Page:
Did Zodiac use Kahn’s “Codebreakers” book?
In his book Zodiac, Robert Graysmith makes this claim about the Zodiac’s 408-character cryptogram:
Fifty-five characters comprise a very complicated cipher. Was this a totally original code or had Zodiac used other sources to build his cipher system? If he had used particular books on code, perhaps these could be traced back to him.
I began by looking for basic books on secret writing. In the preface to The Codebreakers by David Kahn a sample cipher alphabet is presented; eight of the twenty-six suggested equivalents had been used by the killer. The Zodiac must have had a copy of this book.
That is a very strong conclusion. Is it true? Here’s the sample cipher from Kahn’s book:
So, if you use Kahn’s cipher alphabet on the message “CAT”, you’d get “QLK.”
Graysmith says Zodiac used eight of those equivalents. But if you look at the key to the 408-character cipher,
he really only used three of the equivalents:
For instance, Kahn says to use the symbol “R” to replace the plain text letter “G”. In the 408, Zodiac uses the symbol to replace the plain text letter “G”.
How did Graysmith find eight equivalents? Well, if you swap the plaintext and cipher letters in Kahn’s table, you can find four additional matches in Zodiac’s key:
Graysmith cheated a little by treating Kahn’s cipher symbols as plain text letters. For example, Kahn says to use the symbol “C” to replace the plain text letter “E”, but we’re swapping them so the symbol “E” is used to replace plain text letter “C”. Zodiac uses to replace “C”.
Allowing for this kind of cheating accounts for seven equivalents. But where is the eighth one? The best I can come up with is that Kahn says to use the symbol “O” to replace the plain text letter “J”, and Zodiac uses the symbol to replace the plain text letter “O”.
It’s a stretch. I’m banking on the idea that “i” and “j” are close enough, leading Graysmith to include it. But the whole idea is a stretch to begin with. Still, is it possible that Graysmith was right? Could Zodiac have used part of Kahn’s sample cipher? Let’s run an experiment to estimate the difficulty of accidentally matching Kahn’s equivalents:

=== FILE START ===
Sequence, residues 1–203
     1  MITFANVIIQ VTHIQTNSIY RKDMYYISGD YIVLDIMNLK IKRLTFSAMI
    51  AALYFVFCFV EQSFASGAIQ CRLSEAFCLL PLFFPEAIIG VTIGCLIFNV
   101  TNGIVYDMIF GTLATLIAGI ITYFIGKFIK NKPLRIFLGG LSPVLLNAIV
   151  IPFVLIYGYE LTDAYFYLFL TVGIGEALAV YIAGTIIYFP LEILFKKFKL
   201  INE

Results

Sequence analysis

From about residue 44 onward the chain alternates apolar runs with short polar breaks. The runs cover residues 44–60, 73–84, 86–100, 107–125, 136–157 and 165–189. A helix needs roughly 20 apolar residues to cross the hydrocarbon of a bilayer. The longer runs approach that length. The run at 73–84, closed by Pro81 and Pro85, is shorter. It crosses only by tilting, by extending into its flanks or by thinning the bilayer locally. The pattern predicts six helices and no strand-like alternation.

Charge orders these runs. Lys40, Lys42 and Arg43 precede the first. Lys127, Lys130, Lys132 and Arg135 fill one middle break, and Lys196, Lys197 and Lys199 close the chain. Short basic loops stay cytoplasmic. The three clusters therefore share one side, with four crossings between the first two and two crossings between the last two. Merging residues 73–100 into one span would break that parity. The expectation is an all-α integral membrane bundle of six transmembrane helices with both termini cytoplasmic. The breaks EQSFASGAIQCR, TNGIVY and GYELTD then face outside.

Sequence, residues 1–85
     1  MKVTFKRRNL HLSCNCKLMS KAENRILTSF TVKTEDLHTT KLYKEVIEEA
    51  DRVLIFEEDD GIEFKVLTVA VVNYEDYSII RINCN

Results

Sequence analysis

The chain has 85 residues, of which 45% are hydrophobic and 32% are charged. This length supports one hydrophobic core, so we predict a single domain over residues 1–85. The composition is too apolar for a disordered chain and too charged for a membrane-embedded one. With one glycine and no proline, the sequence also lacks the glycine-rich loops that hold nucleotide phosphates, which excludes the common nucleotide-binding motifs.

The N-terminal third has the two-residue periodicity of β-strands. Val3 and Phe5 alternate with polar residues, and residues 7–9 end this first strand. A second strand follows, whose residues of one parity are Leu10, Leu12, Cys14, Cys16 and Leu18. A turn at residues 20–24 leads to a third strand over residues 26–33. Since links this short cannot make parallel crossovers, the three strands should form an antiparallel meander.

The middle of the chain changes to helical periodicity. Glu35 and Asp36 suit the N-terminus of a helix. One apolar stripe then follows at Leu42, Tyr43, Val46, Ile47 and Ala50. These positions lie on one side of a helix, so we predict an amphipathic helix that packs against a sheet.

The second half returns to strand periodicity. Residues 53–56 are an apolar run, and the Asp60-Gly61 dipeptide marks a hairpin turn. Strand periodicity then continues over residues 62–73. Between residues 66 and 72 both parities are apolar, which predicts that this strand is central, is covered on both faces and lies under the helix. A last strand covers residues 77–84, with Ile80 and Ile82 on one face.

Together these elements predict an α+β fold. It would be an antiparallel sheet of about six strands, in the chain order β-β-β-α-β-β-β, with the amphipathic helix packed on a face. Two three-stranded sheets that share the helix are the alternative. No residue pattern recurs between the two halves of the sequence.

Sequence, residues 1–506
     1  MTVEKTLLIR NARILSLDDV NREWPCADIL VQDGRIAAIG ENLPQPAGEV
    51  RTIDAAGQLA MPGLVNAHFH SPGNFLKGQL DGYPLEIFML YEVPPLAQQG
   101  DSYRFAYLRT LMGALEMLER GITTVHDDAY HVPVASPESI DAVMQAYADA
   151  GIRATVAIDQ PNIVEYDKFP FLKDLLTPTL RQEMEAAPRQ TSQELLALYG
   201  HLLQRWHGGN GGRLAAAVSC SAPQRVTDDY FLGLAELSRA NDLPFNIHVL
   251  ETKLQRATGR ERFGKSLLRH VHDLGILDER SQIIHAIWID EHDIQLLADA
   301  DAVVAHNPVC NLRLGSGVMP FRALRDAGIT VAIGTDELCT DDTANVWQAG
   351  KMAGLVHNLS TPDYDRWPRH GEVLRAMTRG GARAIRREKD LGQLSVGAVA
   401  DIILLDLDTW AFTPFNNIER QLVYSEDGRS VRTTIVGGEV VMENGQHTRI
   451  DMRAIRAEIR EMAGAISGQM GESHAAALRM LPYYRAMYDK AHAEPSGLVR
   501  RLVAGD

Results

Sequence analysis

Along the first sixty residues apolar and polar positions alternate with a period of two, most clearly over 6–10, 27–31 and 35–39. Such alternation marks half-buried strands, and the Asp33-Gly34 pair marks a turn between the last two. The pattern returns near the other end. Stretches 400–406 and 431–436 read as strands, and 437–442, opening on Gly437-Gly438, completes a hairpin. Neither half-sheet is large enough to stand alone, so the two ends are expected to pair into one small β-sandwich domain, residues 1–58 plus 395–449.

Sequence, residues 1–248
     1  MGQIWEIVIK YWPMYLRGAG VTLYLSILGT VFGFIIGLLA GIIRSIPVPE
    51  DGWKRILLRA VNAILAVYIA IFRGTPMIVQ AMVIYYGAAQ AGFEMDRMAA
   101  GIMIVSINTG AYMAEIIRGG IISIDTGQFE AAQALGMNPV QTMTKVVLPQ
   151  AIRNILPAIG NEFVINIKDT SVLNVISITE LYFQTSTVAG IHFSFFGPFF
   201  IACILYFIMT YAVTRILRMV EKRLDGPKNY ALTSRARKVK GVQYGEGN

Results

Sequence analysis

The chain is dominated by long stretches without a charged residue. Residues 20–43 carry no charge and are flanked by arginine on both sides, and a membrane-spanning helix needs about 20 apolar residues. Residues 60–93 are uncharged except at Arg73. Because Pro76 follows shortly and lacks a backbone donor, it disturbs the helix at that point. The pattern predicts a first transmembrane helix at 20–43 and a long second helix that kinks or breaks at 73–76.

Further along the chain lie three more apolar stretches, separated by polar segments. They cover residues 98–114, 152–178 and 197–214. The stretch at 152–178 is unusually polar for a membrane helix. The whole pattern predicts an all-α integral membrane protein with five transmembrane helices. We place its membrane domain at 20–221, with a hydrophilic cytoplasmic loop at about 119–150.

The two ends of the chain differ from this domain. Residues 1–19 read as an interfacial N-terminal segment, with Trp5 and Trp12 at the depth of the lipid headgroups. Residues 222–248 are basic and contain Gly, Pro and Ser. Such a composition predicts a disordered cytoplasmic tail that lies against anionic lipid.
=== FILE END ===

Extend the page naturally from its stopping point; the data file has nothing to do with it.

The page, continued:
- Start with the Zodiac’s list of equivalents for the 408-character cipher.
- Shuffle the symbols, but retain the same number of symbols assigned per plain text letter. For example, we’ll choose seven random symbols to represent “E”, the same number used in the original cipher.
- Count the number of equivalents that are also found in Kahn’s sample cipher alphabet.
- Do the random assignments produce as many matches as Graysmith observed?
For example, here is a set of randomly shuffled assignments of the Zodiac’s symbols:
These equivalents from Kahn’s example can be found among the shuffled symbols: a -> L, c -> Q, e -> C, m -> M, n -> H, p -> I, and t -> K. If you use Kahn’s assignments in the reverse direction, as Graysmith does, then these assignments also match: K -> t, O -> j, and W -> o. So, you could claim 10 equivalents here came from Kahn’s example, but in fact they are random coincidences.
I ran 10,000 trials of randomly generated assignments, and found that 460 of them produced at least 7 equivalents that matched Kahn’s example. I’m ignoring the 8th equivalent, since it’s such a stretch. The result suggests that when Zodiac created his cipher, he had a 4.6% chance of matching at least 7 of Kahn’s equivalents purely by accident.
What does this mean? My opinion is that the 4.6% chance, combined with Graysmith’s very loose interpretation of Kahn’s example cipher alphabet, makes it impossible to conclude that Zodiac must have used Kahn’s assignments. Maybe Zodiac really did use Kahn’s book, but Graysmith’s idea does not sufficiently prove this.
Nevertheless, maybe there is something else in Kahn’s book, or in a similar book available in Zodiac’s time, that more conclusively lines up with how the killer constructed his mysterious ciphers.